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Connected Driving 5 min read

EV ambitions: the evolution of electric cars

A person pushes their shopping cart toward their parked electric vehicle.

The first electric vehicle was invented in the 19th century, but it took almost 200 years to become widely adopted. We explore why.

The automotive industry has witnessed a remarkable transformation in recent decades, with electric vehicles (EVs) paving the way toward a sustainable and environmentally friendly future of mobility. But the road to widespread adoption was long and winding, and it took almost two centuries for EVs to realize their full potential.

The rise and fall — and rise again

The concept of electric vehicles dates back to the 19th century when inventors like Thomas Davenport and Robert Anderson experimented with rudimentary electric-powered carriages. But it was Thomas Edison and his creation of the nickel-iron battery in the early twentieth century that laid the groundwork for more practical electric vehicles. These early EVs were embraced for their quietness and lack of emissions, but their limited range and the availability of cheap gasoline eventually blocked their widespread adoption.

After the initial back draws, EVs received a new wave of attention in the 20th century, especially during the oil crises of the 1970s. Major automakers introduced electric models, but the high cost of batteries, limited technological advancements and lack of infrastructure support hindered their success. By the 1990s, the spotlight shifted away from EVs to internal combustion engine (ICE) cars as gasoline-powered vehicles dominated the market.

That was until the turn of the 21st century brought a renewed focus on sustainability and environmental concerns. ICE cars started raising attention for all the wrong reasons and the need for greener cars took over. Thanks to advances in battery technology and recycling, interest in EVs reignited and this time, it didn’t fade. Cars have become quieter, more efficient and better for the environment, giving momentum to EV adoption that is yet to slow down. 

A woman at an EV charge point in the US

Recharging momentum

One of the most important breakthroughs in the evolution of EVs was the development of lithium-ion batteries. These high-energy-density batteries provided longer ranges and faster charging times, addressing the major concerns of earlier electric vehicles. The advancements in battery technology not only improved the performance of EVs but also made them more affordable and accessible to a broader audience, fueling the appeal of becoming an e-vehicle driver. 

Electric Vehicles

Electric obstacles

Although the modern EVs have a much higher adoption rate, it hasn’t come without challenges. They might be better for the environment, but EVs are still more expensive than ICE cars. This is why governments worldwide started offering incentives for electric vehicle adoption. Coupled with a growing public awareness of the environmentally friendly benefits, the incentives gave EV adoption the final push. Major automakers followed suit, investing heavily in electric vehicle development and introducing a diverse range of models to cater to different consumer needs.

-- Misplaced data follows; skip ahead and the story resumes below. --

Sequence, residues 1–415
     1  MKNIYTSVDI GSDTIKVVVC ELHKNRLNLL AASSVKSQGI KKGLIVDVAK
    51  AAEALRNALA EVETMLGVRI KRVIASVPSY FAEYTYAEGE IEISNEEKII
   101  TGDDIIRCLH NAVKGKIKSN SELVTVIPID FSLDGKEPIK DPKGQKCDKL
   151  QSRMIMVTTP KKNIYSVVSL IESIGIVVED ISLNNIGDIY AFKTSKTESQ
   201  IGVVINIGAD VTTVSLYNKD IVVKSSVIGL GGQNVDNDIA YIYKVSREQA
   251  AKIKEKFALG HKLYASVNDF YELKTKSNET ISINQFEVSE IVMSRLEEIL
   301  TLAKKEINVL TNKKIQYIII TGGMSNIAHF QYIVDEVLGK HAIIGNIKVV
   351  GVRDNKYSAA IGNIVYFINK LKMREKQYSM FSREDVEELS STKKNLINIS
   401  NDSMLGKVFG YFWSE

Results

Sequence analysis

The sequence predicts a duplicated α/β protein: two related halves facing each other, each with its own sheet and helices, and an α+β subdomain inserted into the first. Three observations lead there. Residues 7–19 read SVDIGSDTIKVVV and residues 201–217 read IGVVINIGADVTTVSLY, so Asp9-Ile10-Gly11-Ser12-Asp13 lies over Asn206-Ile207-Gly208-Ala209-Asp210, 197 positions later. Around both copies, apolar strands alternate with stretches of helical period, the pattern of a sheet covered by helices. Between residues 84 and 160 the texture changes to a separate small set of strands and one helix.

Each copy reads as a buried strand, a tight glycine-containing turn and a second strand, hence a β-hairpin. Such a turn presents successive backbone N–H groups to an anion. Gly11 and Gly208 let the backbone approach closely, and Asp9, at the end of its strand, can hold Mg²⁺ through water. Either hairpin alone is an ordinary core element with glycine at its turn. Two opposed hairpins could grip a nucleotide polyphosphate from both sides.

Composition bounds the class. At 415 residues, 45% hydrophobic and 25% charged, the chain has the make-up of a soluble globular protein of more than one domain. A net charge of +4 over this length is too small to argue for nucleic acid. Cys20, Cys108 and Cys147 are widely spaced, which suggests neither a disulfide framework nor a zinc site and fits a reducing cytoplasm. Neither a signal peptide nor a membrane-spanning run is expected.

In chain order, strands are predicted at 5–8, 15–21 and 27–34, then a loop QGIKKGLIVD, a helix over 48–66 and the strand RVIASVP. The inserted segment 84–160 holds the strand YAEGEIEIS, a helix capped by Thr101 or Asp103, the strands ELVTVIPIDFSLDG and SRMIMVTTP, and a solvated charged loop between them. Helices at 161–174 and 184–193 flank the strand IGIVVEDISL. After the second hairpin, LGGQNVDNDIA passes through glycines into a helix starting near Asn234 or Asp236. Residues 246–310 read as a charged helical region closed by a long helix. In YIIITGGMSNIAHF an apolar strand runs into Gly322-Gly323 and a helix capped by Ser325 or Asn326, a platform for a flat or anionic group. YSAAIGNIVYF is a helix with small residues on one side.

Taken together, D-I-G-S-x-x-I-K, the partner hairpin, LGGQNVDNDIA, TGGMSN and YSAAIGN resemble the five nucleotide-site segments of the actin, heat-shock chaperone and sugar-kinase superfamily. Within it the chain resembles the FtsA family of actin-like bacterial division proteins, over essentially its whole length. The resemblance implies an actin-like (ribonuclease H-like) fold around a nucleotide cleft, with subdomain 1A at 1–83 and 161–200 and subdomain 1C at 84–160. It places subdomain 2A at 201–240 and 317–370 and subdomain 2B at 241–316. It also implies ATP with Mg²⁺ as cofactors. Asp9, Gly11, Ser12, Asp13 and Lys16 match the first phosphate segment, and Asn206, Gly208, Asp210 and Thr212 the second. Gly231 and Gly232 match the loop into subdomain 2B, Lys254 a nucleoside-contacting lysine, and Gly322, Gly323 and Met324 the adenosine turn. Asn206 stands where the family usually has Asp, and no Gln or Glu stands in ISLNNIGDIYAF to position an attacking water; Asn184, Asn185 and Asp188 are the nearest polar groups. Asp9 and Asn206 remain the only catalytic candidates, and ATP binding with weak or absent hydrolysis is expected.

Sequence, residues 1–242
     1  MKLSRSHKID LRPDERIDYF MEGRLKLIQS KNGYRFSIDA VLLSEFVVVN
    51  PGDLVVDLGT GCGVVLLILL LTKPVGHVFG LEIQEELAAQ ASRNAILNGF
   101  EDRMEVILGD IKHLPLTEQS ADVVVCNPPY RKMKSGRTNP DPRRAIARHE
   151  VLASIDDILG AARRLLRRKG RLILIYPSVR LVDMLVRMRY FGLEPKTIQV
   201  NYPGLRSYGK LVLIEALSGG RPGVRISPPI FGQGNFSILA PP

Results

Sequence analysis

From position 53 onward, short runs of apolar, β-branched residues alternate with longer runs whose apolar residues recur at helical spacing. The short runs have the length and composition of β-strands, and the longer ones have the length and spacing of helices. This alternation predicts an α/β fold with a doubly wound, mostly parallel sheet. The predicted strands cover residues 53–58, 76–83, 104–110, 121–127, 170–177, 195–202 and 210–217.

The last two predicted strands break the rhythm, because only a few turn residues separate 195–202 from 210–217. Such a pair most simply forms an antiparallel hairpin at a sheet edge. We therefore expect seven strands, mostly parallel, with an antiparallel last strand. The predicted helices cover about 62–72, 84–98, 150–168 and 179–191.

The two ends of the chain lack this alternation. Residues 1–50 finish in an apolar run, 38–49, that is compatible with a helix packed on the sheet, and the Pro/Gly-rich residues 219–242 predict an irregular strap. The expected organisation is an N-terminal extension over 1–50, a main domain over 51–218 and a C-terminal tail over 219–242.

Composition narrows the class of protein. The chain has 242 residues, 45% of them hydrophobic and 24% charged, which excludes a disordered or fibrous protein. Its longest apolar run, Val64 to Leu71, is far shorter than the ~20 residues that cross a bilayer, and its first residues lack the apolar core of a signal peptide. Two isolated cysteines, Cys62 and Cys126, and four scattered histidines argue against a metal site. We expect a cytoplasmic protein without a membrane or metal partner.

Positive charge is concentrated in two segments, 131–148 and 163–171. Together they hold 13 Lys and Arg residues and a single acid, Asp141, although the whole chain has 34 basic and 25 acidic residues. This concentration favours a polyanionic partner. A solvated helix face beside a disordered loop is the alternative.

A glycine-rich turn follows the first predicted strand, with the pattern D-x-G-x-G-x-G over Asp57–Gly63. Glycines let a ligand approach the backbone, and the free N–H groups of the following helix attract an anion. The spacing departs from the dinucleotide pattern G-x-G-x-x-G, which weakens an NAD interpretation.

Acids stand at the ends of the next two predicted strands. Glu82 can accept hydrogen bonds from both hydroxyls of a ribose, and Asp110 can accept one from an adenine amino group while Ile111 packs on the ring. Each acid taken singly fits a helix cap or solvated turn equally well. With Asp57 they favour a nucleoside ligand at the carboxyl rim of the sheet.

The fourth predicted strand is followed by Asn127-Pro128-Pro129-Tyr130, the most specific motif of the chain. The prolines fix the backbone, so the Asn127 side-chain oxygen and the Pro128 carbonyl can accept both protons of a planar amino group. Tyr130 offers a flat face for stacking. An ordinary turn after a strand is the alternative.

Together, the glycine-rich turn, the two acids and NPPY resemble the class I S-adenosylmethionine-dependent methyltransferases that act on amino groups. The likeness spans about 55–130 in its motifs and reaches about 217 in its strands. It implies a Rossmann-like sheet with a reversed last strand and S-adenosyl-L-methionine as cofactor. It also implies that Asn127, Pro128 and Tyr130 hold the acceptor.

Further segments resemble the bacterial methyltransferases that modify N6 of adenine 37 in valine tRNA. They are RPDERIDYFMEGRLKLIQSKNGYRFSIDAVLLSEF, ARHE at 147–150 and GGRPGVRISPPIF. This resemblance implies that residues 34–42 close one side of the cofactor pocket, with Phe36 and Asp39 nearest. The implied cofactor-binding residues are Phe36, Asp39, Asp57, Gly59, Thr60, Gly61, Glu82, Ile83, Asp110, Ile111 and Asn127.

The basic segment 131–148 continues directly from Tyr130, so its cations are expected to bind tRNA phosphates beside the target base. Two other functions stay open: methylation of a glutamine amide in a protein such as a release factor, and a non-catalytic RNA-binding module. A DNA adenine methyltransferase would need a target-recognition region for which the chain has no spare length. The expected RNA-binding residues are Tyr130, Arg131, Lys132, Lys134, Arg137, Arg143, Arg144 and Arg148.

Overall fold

New perks also meant new challenges. With EVs, the challenge is called range anxiety. This is where location technology steps in. By providing accurate real-time data on the vehicle's range, based on factors such as route topography and traffic conditions, location technology can help alleviate range anxiety. Moreover, it can guide drivers to the nearest charging station, taking into account variables like the remaining battery charge and speed limits along the route. With a “two birds, one stone” effect, improving charging infrastructure aims to mitigate range anxiety and its sister fear - charge anxiety.

A close-up view of an AI-enabled car dashboard or digital cockpit.

AI acceleration

Probably the biggest change in EVs compared to the original prototypes is the introduction of artificial intelligence (AI) and machine learning (ML). Smart charging infrastructure benefits from AI by predicting peak usage times and optimizing energy distribution, while predictive maintenance, personalized driving experiences and continuous software updates ensure that EVs operate efficiently, reliably and adapt to evolving user preferences.

AI algorithms also mitigate range and charge anxiety by enhancing battery management and predicting and optimizing range. Finally, AI contributes to the development of autonomous driving features, enabling safer and more efficient transportation.

An illustration of a passenger traveling in their self-driving car.

Entering the EV era

Looking ahead, the evolution of electric vehicles continues with advancements in battery technology, increased range and improved charging infrastructure. The integration of artificial intelligence and smart technologies in EVs promises enhanced efficiency, safety and user experience. As the world continues to prioritize a greener future, electric vehicles are poised to shape the automotive landscape for generations to come.

Maja Stefanovic

Maja Stefanovic

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